In politics–and perhaps in life–saying “I was wrong” can be the hardest thing to do.

Paul Krugman recently considered the refusal of political actors to admit error when their predictions (generally of doom and gloom) fail to materialize.

You see, you shouldn’t care whether a candidate is someone you’d like to have a beer with. Nor should you care about politicians’ sex lives, or even their spending habits unless they involve clear corruption. No, what you should really look for, in a world that keeps throwing nasty surprises at us, is intellectual integrity: the willingness to face facts even if they’re at odds with one’s preconceptions, the willingness to admit mistakes and change course.

Of course, changing one’s position on an issue–evolving, as it were–is politically dangerous. Being labeled a “flip flopper” is often fatal to electoral success. (As Krugman notes, “gotcha” journalism is a lot easier than policy analysis.) Krugman goes through several high-profile predictions that failed to materialize without triggering much in the way of media finger pointing; the political figures who made those predictions have been allowed to pretend they never said that–or in the case of the more rigid ideologues, to insist that they were right, and the administration is “cooking the books” to hide the “real” facts.

[A]s far as I can tell no important Republican figure has admitted that none of the terrible consequences that were supposed to follow health reform — mass cancellation of existing policies, soaring premiums, job destruction — has actually happened.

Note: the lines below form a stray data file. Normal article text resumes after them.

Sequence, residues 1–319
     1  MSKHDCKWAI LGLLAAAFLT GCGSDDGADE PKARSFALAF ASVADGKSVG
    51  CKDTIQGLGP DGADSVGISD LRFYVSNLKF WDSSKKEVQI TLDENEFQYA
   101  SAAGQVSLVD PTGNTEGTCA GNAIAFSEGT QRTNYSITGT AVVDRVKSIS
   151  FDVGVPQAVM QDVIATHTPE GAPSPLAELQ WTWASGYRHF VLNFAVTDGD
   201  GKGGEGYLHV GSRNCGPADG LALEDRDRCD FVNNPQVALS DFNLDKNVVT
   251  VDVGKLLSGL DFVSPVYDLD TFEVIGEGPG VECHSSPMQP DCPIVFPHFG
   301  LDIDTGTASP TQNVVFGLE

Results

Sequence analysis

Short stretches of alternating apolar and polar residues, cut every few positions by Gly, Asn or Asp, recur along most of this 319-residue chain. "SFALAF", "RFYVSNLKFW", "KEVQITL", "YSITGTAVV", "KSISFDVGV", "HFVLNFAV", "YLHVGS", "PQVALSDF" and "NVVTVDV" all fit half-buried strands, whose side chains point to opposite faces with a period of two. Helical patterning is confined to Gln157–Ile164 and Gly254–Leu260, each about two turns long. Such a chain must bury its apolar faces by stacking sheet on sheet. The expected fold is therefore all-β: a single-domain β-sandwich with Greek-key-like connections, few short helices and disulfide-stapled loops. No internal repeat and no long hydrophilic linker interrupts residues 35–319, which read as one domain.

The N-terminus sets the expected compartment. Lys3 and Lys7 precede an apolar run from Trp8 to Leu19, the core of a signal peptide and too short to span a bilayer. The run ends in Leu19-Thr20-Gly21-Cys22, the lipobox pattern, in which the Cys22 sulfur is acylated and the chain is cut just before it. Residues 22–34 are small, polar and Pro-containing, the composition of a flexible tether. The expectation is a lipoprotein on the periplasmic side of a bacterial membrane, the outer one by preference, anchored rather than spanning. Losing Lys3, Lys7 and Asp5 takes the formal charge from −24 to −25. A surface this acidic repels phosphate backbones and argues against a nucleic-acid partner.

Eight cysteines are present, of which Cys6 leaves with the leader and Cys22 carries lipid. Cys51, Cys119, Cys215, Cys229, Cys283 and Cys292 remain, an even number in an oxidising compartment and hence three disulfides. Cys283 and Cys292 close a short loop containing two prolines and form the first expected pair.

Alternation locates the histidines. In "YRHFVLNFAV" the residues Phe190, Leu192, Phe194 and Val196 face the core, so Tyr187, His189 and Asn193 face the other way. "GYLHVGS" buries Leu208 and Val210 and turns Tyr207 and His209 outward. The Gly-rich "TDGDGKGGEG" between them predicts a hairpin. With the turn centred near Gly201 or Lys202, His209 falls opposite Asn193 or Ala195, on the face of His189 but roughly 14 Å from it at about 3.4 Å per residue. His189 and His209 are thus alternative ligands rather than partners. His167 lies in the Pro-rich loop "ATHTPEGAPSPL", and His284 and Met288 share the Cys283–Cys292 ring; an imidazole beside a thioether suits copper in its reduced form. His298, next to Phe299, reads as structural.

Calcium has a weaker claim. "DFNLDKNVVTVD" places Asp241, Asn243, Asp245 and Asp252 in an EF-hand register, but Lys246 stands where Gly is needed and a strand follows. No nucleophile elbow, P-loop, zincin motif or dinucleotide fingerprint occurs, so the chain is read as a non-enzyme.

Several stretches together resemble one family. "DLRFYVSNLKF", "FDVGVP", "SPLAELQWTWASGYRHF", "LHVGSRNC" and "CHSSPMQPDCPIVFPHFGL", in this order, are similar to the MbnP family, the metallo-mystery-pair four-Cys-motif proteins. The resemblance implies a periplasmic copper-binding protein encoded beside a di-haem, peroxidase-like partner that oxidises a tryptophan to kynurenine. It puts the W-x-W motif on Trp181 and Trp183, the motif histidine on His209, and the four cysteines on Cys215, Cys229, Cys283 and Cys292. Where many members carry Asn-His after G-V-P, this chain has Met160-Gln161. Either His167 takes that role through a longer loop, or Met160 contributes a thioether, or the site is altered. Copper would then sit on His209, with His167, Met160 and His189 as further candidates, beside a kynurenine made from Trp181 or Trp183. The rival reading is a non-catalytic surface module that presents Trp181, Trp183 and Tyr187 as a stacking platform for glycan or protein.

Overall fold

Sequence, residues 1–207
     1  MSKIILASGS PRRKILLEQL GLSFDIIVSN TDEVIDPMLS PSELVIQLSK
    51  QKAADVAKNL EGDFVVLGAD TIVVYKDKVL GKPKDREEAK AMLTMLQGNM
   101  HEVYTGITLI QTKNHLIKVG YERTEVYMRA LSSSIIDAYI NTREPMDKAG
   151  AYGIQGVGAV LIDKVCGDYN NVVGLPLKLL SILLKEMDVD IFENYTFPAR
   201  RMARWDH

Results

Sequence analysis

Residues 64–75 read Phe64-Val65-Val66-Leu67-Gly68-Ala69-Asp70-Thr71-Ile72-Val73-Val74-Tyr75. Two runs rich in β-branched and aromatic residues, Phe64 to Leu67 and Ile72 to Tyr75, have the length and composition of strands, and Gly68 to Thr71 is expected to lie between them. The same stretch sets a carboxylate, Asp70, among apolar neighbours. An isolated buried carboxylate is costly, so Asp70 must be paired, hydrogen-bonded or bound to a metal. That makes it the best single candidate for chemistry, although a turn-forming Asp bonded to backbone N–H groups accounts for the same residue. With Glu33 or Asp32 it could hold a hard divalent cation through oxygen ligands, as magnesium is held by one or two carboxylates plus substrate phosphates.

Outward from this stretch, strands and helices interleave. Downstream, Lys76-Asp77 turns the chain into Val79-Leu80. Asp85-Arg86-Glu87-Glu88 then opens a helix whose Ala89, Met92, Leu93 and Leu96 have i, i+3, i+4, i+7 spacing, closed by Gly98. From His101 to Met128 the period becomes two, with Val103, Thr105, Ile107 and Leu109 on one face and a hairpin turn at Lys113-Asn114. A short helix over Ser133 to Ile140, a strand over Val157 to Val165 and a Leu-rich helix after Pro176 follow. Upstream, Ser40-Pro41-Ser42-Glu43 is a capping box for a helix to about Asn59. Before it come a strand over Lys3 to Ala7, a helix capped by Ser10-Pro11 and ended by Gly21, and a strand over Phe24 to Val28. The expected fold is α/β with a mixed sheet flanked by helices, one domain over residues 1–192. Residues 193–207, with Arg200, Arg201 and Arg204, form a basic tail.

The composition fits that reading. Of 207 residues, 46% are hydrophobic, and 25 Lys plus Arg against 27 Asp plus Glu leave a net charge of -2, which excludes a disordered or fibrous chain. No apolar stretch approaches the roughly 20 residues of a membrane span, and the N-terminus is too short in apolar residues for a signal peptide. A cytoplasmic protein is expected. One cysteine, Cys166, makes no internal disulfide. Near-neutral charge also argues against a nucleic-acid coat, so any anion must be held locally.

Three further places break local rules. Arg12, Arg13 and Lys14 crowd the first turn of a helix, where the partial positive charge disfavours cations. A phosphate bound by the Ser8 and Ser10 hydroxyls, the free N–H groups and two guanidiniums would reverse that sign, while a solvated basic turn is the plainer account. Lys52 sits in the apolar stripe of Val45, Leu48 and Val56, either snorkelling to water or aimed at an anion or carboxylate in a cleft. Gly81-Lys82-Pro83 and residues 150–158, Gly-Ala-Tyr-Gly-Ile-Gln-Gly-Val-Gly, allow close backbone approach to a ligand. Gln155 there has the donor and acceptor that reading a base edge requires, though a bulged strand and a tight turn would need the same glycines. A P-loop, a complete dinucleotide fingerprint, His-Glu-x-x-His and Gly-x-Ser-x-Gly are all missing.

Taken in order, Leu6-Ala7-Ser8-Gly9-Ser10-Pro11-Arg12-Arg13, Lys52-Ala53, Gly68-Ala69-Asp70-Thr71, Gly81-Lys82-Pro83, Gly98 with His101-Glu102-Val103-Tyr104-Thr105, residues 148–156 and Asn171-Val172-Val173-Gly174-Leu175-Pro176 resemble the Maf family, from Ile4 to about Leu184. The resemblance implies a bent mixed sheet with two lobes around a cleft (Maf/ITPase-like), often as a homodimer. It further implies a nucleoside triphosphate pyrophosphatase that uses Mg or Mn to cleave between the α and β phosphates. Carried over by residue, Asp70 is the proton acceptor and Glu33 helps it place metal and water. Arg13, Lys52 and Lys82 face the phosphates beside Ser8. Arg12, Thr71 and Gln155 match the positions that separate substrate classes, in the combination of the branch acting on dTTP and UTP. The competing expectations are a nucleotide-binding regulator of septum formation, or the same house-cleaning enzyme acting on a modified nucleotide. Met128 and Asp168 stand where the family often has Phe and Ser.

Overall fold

The point is that we’re not just talking about being wrong on specific policy questions. We’re talking about never admitting error, and never revising one’s views. Never being able to say that you were wrong is a serious character flaw even if the consequences of that refusal to admit error fall only on a few people. But moral cowardice should be outright disqualifying in anyone seeking high office.

Krugman’s focus, of course, is on economic predictions, but intellectual integrity is, as he insists, a character issue that manifests itself in many areas of life. People who refuse to admit to their mistakes are deeply flawed; they cannot be trusted to learn from experience. An ability to learn and grow is an essential attribute for someone who seeks public power, and an important and necessary characteristic of successful, well-adjusted people generally.

The problem is, we have a political system that rewards pandering, not honesty, and it is increasingly difficult to tell whether a purported change of mind is an appropriate response to evidence inconsistent with prior expectations or a cynical effort to win the approval of a critical voting block.


  1. I just read Mr. Krugman’s article on Facebook; clicked “like” and “share” and commented that it is a “must read”. Direct and to the point. We all “flip’flop” on issues as situations and conditions change; as we learn more by paying attention and going beyond what is handed to us by much of the media with no source of proof. This is called evolving; nothing scientific about it, it is simply seeking information and facts before making decisions. Especially when it comes to selecting candidates before heading to the polls. By the way; I do believe there is an election on Tuesday – will you be there? I will; bright an early.